I was so very pleased by the willingness that participants and presenters exhibited in sharing their expertise, their resources, and their strengths and weaknesses so we could all become better at what we do in leadership education.
It was exactly what I needed from a learning process and everything I wish I had in any conference I attend.
The LEA Conference that I went to this week was the best investment ever (for me) of our Palm Beach Atlantic development funds. I was exposed to so many innovative, creative, and effective teaching methods. I have never been more excited for the beginning of a new school year.
The 2017 Leadership Education Academy — What’s New This Year?
After the success of the inaugural LEA in 2015, the co-chairs were confident that there was a need for the Academy in the field and wanted to ensure that ILA would again offer a truly transformative educational experience in 2017. After careful consideration of participant feedback, facilitator ideas, and their own reflections, they added some enhancements for 2017. To maintain an element of consistency, six of the facilitators, including the co-chairs, returned to the lineup. Four very talented new individuals were bought on board through an application and selection process. They represent a variety of leadership educator roles and expertise, including those with a focus on student affairs as well as community and corporate leadership education, broadening LEA’s scope. Find out more about the 2017 facilitators on the LEA webpage. Because of the diverse roles and experiences of facilitators, the team was able to develop an affinity group element of LEA in which participants can cluster with others in similar roles and a facilitator with related experience. Affinity groups include undergraduate faculty members, online leadership educators, student affairs professionals, community leadership educators, corporate leadership trainers, and more. The affinity group experience is designed to help participants network with others in similar roles as well as have a space to apply content from LEA to their specific contexts and experiences.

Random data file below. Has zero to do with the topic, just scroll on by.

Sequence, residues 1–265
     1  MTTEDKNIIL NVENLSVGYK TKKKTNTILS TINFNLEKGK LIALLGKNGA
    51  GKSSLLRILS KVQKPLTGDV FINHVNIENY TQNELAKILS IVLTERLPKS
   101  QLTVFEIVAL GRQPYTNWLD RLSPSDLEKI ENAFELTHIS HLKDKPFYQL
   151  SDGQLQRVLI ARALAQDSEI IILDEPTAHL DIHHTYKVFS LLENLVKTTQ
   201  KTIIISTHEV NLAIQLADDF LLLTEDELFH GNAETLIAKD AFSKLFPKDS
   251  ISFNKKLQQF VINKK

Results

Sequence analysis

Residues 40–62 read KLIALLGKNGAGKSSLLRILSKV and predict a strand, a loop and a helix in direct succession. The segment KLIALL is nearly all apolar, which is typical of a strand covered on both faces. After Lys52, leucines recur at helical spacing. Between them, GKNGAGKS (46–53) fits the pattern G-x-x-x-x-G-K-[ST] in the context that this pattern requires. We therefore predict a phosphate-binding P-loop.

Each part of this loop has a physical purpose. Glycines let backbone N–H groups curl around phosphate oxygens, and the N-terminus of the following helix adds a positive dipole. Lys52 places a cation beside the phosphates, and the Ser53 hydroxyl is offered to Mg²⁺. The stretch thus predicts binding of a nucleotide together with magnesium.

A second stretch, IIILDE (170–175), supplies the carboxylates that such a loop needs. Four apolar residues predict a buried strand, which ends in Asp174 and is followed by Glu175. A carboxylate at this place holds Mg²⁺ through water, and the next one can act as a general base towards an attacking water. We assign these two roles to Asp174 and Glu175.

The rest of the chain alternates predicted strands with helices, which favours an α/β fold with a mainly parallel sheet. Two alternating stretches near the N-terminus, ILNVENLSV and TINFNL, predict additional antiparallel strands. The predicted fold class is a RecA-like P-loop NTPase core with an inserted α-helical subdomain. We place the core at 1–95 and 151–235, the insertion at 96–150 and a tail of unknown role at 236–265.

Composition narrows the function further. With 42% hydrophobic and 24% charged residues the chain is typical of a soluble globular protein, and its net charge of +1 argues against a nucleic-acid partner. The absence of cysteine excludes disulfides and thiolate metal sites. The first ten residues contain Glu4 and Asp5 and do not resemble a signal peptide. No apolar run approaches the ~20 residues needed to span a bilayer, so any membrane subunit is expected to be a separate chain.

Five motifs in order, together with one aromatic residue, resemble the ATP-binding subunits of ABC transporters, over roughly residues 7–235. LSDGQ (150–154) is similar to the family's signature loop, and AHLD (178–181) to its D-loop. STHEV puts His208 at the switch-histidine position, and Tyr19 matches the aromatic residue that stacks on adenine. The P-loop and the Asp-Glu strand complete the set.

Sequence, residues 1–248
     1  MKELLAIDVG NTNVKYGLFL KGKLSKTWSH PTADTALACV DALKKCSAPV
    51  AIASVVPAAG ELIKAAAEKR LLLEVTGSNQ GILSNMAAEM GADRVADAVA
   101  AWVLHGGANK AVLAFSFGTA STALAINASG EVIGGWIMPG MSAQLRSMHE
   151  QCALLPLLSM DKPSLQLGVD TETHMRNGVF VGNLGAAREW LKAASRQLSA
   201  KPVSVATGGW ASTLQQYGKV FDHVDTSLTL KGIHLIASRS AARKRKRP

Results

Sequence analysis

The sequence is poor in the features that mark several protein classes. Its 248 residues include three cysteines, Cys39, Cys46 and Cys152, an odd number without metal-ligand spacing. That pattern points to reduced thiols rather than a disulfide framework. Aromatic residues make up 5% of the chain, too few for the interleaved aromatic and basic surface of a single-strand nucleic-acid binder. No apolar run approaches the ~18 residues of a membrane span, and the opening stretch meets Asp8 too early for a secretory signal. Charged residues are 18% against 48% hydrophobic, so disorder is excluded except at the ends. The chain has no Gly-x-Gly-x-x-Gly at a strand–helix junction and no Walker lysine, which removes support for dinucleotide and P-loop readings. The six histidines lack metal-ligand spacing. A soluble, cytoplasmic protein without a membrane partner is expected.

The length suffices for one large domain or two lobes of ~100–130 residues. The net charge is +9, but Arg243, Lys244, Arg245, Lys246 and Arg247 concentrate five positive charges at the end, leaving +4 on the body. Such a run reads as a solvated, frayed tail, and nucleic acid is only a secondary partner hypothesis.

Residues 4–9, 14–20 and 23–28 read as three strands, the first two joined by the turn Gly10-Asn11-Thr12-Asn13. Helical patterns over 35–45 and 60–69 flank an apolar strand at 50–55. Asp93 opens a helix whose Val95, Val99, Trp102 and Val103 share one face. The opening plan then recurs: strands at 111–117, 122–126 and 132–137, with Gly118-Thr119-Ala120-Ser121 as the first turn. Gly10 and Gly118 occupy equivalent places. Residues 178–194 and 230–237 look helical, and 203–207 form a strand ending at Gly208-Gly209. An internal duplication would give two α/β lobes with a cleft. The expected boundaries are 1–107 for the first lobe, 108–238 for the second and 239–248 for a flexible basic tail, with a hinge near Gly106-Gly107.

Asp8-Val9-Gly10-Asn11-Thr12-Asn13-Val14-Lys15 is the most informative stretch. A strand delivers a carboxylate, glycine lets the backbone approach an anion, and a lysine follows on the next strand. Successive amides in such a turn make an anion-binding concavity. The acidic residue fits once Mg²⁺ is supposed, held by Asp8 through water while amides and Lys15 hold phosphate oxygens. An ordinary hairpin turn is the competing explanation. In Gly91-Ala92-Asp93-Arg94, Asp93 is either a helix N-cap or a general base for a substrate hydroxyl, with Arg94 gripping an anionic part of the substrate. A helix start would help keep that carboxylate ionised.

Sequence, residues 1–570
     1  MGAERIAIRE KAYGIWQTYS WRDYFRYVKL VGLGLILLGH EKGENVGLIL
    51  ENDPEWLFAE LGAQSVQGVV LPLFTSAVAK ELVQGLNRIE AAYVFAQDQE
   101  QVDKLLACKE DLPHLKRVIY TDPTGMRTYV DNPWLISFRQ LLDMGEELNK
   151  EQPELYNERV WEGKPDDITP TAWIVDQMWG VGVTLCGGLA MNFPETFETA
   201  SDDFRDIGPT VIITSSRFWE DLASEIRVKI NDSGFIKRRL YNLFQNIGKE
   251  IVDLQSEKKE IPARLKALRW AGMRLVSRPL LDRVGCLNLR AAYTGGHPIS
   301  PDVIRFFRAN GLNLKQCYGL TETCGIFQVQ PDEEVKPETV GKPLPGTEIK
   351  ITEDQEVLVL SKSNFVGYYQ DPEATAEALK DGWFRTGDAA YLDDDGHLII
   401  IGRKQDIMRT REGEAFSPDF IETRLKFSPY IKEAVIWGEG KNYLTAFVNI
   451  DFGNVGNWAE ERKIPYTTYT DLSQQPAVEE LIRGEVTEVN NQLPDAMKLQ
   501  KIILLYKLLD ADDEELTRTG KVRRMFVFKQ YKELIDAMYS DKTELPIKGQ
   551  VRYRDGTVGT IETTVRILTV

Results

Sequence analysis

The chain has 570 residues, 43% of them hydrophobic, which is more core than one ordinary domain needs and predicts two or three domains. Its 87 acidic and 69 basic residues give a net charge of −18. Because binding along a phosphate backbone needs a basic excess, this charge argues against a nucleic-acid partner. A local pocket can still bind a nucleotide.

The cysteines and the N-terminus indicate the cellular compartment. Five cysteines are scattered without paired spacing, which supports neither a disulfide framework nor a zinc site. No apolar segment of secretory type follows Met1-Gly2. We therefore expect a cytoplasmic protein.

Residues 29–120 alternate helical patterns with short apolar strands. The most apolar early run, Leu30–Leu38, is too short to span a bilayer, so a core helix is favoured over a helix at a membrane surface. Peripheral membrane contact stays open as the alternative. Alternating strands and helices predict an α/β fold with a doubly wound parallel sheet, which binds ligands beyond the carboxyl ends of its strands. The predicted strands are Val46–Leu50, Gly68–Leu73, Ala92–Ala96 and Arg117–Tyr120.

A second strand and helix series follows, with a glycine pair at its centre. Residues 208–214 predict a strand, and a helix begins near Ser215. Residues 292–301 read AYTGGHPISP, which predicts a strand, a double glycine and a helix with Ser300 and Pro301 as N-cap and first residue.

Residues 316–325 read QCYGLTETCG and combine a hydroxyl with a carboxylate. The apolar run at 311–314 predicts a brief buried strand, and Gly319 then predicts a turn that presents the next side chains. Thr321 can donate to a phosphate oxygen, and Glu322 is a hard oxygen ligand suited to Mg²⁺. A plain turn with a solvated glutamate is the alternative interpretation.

In addition to the new faces, the program will be growing slightly for 2017. Given that registration filled early for the 2015 LEA, we wanted to expand the opportunity to accommodate 72 participants. This allows fifteen more people to participate, while still keeping the total number low enough to offer a tight-knit community of practice and ensure that participants have one-on-one access to the facilitators for coaching and feedback. The program will also be extended by an additional day, allowing facilitators to dig deeper with participants into LEA’s three key experiences. The additional day allowed the team to add new and innovative content, weave in more self-reflective pieces around the leadership educator role, and integrate a hands-on project that guides participants from program/course design all the way to assessment. As in 2015, the LEA experience will end with coaching and feedback sessions ensuring that participants have the opportunity to discuss their projects with a seasoned leadership educator.
Finally, as much as everyone loved LEA 2015 in Orlando, the team is excited to head to Denver this July and enthusiastically hopes “you can join us for an immersive, collaborative, and innovative experience to help you design leadership education initiatives on your campuses, in your workplaces, and in your communities.”